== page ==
The other side of this, I want to just touch on briefly is, other than spending, what about the earning? So, what kind of tips, or what have you seen people do to maybe earn? So, maybe they cut their spending a little bit, but they also earn more, maybe spouse goes back to work or they pick up Uber driving. Any concepts like that or tips? 

[00:09:11] Jamie: Well, I mean, that's the great thing about the spend less than you earn, right? There are two sides of the equations. So, you can cut your expenses and keep your income the same, or you can increase your income and increase your expenses at the same time. And now the gap is getting wider, faster, and accelerating your path towards whatever your goals are. For myself personally, I started the website a couple years ago. It didn't make any money for years and years, makes a little bit of money now, but you know, having that side hustle or that side project that you work on in your free time can really help move the bottom line quickly.

I know with the Gig Economy now, a lot of people do end up making a couple hundred bucks on the weekend driving for Uber or doing Instacart or any of those gig apps. Now I will say though, they can be kind of distracting from the more important goals right now, if you're in a hundred thousand dollars of credit card debt and you need to dig your way out, then maybe you do need to take those gig economy jobs. But maybe that's not the right thing for you. If you've got three kids at home, you work hard during the week and you just need to take that weekend and spend time with your family. So, there's got to be a balance. You have to prioritize, and you know, remember that you have to live too. You have to. If you're not enjoying what you're doing, then why? If you never see your kids and you and your spouse are trading off shifts, high fiving in and out the door from day shift to night shift. 

My wife is a nurse. In a career field like that overtime is easy to get or working on a weekend prime shift, any kind of industry like that, where you maybe sacrifice a little bit. So, your spouse can get extra tips at a restaurant by working Friday night, instead of Saturday during the day or whatever it may be; take the overnight shift at the ER, if you're in the medical world or something like that, where you can just do the same amount of work, but get paid a little bit more, because no one else wants to work during those hours. Right?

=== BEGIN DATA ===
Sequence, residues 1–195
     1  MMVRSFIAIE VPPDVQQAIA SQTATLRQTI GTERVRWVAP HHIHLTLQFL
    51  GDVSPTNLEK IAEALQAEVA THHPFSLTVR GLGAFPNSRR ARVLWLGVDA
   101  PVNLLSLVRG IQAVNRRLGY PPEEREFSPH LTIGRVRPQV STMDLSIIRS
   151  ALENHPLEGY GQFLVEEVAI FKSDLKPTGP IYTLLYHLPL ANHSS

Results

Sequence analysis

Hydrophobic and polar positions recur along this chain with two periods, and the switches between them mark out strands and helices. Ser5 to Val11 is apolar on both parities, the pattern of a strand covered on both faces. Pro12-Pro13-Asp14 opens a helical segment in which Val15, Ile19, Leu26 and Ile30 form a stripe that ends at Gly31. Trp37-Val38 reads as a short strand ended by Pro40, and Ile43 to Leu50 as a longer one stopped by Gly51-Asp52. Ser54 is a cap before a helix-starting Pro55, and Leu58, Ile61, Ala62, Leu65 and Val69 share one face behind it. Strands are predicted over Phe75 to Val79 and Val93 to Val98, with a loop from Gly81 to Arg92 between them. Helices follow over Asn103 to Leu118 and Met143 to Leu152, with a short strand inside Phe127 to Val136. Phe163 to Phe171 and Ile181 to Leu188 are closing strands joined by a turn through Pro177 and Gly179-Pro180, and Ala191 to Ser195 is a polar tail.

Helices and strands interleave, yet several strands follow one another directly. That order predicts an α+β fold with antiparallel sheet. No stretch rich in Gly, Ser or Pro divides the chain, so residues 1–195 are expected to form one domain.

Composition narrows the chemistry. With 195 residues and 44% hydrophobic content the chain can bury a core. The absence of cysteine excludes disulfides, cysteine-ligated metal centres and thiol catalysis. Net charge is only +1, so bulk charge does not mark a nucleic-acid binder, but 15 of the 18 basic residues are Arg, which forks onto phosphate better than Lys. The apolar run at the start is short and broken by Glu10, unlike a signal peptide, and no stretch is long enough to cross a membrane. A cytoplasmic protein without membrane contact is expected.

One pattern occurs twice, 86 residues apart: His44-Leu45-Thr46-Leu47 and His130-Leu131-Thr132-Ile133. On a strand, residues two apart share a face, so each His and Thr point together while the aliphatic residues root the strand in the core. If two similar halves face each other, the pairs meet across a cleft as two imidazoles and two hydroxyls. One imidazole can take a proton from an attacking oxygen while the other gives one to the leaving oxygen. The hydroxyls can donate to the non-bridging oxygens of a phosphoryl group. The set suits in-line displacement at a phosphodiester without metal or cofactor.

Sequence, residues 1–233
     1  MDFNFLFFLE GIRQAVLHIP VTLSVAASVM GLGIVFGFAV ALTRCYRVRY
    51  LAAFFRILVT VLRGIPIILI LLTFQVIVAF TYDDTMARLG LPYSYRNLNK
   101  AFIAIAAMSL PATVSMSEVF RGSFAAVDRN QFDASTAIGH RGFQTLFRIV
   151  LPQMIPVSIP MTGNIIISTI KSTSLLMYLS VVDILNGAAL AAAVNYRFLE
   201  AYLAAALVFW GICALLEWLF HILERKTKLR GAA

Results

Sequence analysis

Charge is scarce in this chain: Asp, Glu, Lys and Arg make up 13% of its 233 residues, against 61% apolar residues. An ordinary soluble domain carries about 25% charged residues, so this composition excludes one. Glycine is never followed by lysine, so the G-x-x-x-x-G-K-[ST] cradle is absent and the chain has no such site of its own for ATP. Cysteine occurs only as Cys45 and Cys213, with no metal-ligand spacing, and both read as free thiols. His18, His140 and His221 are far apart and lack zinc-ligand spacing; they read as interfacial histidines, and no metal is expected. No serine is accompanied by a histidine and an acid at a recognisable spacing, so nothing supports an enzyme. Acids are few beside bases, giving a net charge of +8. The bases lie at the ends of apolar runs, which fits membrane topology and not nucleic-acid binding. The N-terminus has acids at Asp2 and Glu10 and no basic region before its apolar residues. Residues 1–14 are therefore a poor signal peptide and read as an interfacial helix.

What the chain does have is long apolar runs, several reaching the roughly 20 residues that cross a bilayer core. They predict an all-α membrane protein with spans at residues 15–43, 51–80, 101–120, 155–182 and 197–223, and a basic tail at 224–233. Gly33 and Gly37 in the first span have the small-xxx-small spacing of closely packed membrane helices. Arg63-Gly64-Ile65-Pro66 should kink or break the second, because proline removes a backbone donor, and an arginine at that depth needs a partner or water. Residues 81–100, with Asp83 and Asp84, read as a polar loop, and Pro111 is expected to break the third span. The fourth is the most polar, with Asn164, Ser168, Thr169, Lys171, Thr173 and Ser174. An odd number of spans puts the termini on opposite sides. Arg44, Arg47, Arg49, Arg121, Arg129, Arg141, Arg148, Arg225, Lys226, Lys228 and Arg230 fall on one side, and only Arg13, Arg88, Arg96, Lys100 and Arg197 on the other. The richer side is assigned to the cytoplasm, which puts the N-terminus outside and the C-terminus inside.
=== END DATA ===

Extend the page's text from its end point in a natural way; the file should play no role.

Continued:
[00:10:55] Spencer: Yeah. Definitely. 

[00:10:56] Jamie: Okay, so spend less than you earn- number one! Number two?

[00:10:59] Spencer: All right. Number two: don't accumulate debt. It's pretty directive and for a lot of people, they hear it way too late. So, for myself personally, I took on over $60,000 of student loans when I was in college. I thought it was a good idea at the time because I was getting great education, having a great time doing the ROTC program at Boston university, which was a very expensive school and the scholarship covered a lot of the tuition, but I still had when I graduated over $60,000 student loan debt. And that meant for basically the first four years of my air force career, at first it was almost half my paycheck going towards student loan debt repayment.

Yeah. Which is insane. 

[00:11:40] Jamie: It's steep. So, I would say in the military, a lot of debt we see is not only student loan debt, the USA career starter loan, whether they target academies and RTC commissioners, or soon to be lieutenants and ensigns to take out a $25,000 or $30,000 loan at a very low interest rate. But even with that, unless you're going to be very smart with it, can put you behind if you're not careful.

[00:12:02] Spencer: Did you end up taking it? 

[00:12:03] Jamie: We did. And my wife did too because we were mill to mill for a while. So, when we started our career out, we combined were over a hundred thousand dollars in debt. I think it was like $107,000, $108,000, somewhere in that. So, we dug out of a big hole, dual income, no kids for a very short portion of that, then we had our first kid. So, it's tough when you're starting in a negative spot and not starting either even, ahead a little bit. And some of that might be the setup of your family and what you can afford, but you can get it for your degree, and still commission and get a job without being at a prestigious university too. So, not only you're attacked by car dealerships and mortgage lenders and wanting to live in a really nice house with granite countertops or whatever it is, but you're also sold the lies that you need to go to the right kind of school or otherwise you're going to be scum. So, you're just bombarded by marketing in all avenues of life. That's, in my opinion, what drives debt for most people.

The average car, payment's something like $550-$600 a month for a four- or five-year term.

[00:13:03] Spencer: Well, I think now they're offering a lot of seven-year car loans, right? Which is just insane.